From friends to lovers?
- Bao Bei Er as Lu Yao/Larry
- Song Jia as Ma Li/Mary
- Jiao Jun Yan as Fang Hui Hui
- Zhu Ya Wen as Zhao Ben
- Mainland China
- Director: Wen Zhang
- Running time: 107 minutes
- Release date: July 15, 2016
Lu Yao has been in love with Ma Li since kindergarten, but has not confessed his feelings to her in fear of rejection. When Ma Li is heartbroken yet again, will Lu Yao finally muster the courage to say something?
Ok, so let’s start with a full disclosure: I’ve never liked Song Jia’s performance in anything and I mean anything. I would be more than happy to be proven wrong, but that moment has yet to come. To be honest, if it wasn’t for Bao Bei Er I probably would’ve skipped this movie entirely. Though I have not seen much of him either, I did like his portrayal in Zhong Kui: Snow Girl and the Dark Crystal and his onscreen persona in Running Man as a lovable goofball. I had hoped that this movie would capitalize on his image and provide some well timed comedy relief, however, though there are some attempts at humor, they are not well written or executed, resulting in what appear to be cheap shots at slapstick.
Other than my obvious disappointment in the comedy department and vehement dislike of Song Jia (she just perpetually looks like she’s bored or someone owes her money. Kristen Stewart of Asia, anyone?), the film’s plot is also very lacking. The long relationship (friendship? Love?) between the two main characters is one-sided for the majority of the movie, making Song Jia’s character (Ma Li) instantly unlikable as she comes and goes as she wishes with total disregard for a devoted Lu Yao (Bao Bei Er’s character). And then about two-third way through we are suddenly introduced to and are expected to accept the idea that perhaps the non-culmination of this relationship actually all comes down to bad timing, and Ma Li is maybe sort of in love with Lu Yao. Like what? This whole time Song Jia’s portrayal implies that Ma Li feels nothing for Lu Yao aside from pity so unless she has a major revelation off screen or she becomes so jaded by love that she is willing to go for the next available man, I remain unconvinced that anything about this relationship has the potential to change. To make matters worse, when stars seem to finally align for the main characters in terms of timing they randomly chicken out at the last minute, and we are left scratching our heads yet again wondering where did things go awry. In short, do they want to be together or do they not? #makeupyourmind.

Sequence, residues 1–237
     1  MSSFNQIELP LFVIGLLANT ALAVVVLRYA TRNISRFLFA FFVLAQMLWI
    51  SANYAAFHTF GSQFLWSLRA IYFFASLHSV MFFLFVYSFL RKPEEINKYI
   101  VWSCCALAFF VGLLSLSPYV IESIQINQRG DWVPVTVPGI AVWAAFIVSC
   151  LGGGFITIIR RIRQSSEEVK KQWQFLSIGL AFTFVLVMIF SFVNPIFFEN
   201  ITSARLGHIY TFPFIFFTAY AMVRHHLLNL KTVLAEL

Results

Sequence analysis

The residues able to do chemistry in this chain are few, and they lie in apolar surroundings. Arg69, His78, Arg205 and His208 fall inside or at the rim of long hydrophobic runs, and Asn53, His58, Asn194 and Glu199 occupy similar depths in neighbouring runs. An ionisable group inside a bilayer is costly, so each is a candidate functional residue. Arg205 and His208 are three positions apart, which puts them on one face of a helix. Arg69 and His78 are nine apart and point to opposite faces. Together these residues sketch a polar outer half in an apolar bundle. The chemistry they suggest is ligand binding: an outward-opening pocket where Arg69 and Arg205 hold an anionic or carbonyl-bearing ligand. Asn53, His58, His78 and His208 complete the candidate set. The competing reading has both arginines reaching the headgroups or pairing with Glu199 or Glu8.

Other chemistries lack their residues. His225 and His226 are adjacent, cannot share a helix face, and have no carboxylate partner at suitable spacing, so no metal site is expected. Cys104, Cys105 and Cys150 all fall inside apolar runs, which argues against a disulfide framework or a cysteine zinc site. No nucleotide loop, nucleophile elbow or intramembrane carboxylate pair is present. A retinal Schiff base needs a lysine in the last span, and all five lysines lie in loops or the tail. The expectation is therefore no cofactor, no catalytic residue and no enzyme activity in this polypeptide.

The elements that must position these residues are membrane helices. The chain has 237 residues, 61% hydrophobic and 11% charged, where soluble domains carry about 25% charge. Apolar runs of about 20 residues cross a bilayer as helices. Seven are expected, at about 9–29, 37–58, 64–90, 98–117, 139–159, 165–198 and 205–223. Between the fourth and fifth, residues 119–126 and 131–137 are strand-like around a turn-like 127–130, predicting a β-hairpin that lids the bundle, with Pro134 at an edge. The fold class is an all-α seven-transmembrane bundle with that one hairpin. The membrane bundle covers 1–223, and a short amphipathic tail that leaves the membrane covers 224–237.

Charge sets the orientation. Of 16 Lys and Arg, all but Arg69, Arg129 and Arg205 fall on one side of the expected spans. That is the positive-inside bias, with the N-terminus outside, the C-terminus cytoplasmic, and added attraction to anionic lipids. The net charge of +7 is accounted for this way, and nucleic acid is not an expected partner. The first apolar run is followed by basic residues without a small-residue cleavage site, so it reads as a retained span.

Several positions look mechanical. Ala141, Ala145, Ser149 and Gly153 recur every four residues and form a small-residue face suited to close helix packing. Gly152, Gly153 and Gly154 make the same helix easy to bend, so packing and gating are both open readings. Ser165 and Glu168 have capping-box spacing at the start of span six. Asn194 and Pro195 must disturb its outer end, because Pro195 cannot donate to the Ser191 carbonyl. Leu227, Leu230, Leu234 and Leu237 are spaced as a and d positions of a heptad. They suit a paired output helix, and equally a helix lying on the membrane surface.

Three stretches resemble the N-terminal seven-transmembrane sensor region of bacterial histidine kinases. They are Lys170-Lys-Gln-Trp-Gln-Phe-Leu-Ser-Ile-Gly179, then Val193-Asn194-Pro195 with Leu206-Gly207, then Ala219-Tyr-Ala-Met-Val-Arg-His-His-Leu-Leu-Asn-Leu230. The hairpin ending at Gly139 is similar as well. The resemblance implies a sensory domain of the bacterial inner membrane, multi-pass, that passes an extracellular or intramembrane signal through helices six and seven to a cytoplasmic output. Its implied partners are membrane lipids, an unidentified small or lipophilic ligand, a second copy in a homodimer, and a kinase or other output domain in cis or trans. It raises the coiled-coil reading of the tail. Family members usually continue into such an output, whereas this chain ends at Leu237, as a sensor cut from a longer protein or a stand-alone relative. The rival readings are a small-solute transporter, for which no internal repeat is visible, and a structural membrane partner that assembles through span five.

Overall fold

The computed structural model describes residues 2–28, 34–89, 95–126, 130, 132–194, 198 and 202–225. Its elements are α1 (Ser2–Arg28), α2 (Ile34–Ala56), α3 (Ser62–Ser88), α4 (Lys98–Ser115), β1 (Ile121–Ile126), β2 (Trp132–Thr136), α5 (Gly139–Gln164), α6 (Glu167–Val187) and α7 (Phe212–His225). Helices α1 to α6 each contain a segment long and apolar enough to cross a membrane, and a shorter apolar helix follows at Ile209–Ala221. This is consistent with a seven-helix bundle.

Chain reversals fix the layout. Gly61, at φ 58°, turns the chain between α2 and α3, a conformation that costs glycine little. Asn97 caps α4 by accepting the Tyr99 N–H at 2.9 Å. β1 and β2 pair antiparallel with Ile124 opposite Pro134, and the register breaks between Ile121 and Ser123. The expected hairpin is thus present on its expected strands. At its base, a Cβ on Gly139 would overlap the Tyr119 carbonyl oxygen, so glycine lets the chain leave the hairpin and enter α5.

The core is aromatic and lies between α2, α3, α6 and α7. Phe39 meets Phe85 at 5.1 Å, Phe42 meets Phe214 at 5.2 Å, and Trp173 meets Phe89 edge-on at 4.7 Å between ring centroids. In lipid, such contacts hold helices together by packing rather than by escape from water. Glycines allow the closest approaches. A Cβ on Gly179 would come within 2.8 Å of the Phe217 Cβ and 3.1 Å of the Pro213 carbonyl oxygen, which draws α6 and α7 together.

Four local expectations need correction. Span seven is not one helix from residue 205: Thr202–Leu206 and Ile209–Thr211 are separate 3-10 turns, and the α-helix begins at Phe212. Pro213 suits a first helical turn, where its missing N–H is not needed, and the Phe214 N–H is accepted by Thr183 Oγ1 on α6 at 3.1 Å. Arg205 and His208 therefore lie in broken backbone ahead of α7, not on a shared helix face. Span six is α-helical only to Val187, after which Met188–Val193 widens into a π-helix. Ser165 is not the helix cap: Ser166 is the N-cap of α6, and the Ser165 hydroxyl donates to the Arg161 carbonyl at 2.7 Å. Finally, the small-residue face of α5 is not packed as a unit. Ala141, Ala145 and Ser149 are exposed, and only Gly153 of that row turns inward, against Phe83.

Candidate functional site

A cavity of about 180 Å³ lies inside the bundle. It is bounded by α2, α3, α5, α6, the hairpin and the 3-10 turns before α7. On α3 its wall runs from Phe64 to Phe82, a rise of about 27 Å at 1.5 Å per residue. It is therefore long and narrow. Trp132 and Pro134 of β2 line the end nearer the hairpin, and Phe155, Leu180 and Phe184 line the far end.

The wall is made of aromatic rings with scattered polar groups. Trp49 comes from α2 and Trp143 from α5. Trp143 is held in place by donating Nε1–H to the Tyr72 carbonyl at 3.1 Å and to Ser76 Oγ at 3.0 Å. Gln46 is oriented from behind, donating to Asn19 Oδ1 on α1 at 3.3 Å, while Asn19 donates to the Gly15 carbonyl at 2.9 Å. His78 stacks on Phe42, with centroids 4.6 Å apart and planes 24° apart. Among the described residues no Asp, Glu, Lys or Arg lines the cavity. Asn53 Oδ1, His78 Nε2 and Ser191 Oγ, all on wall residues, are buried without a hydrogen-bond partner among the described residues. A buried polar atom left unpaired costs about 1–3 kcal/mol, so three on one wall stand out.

And yet the absurdity of this movie does not stop there. There are so many unnecessary scenes that add little to nothing to the story. Are they there simply to make a fool out of Lu Yao and prove to the audience that Ma Li is never going to fall in love with a guy like him? I questioned why he is even remotely interested in Ma Li or why their friendship even exists because she clearly doesn’t even want to talk to him, but again we are given no explanation for why these characters behave as they do.
As Wen Zhang’s first directorial debut, this movie is neither here nor there – it doesn’t provide the satisfaction or romance needed for a fluff piece, but doesn’t have good enough writing to be thought-provoking. It’s like one of those stories written by high school students where a lot of things happen, yet nothing really happens. In the end I just felt like I wasted two hours of my time that I can’t get back. Definitely avoid if you can.
- Bao Bei Er graduated from the Beijing Film Academy and has been acting since. His father is a talent manager at a children’s theater in Harbin and his mother is a puppeteer for shadow play. He and actress Bao Wen Qian registered their marriage in 2014 but didn’t conduct the ceremony until March 30, 2016. They have been together since 2005 and have a daughter named Bao Ke Ai (her nickname is dumpling) born March 30, 2015.
- Song Jia is also known as Xiao Song Jia because there’s an older actress with the same name! She graduated from Shanghai Theatre Academy, but almost pursued music instead of acting (she studied liuqin since she was eight). She received the Golden Rooster Award for Best Actress for her role in 2013 movie Falling Flowers.
2 thoughts on “When Larry Met Mary/陆垚知马俐 (Film Review)”
After reading your review, even I won’t waste time watching. I’ve only seen her once and it wasn’t memorable. I’ve never seen Bao Bei Er ever. Chinese comedies are 50/50 for me. And these unrequited love stories for most of a movie haven’t pulled my heartstrings ever.
Glad I saved you the pain of watching this! I’m not actually sure the point of this movie is to pull our heartstrings – I have NO idea what the point was =\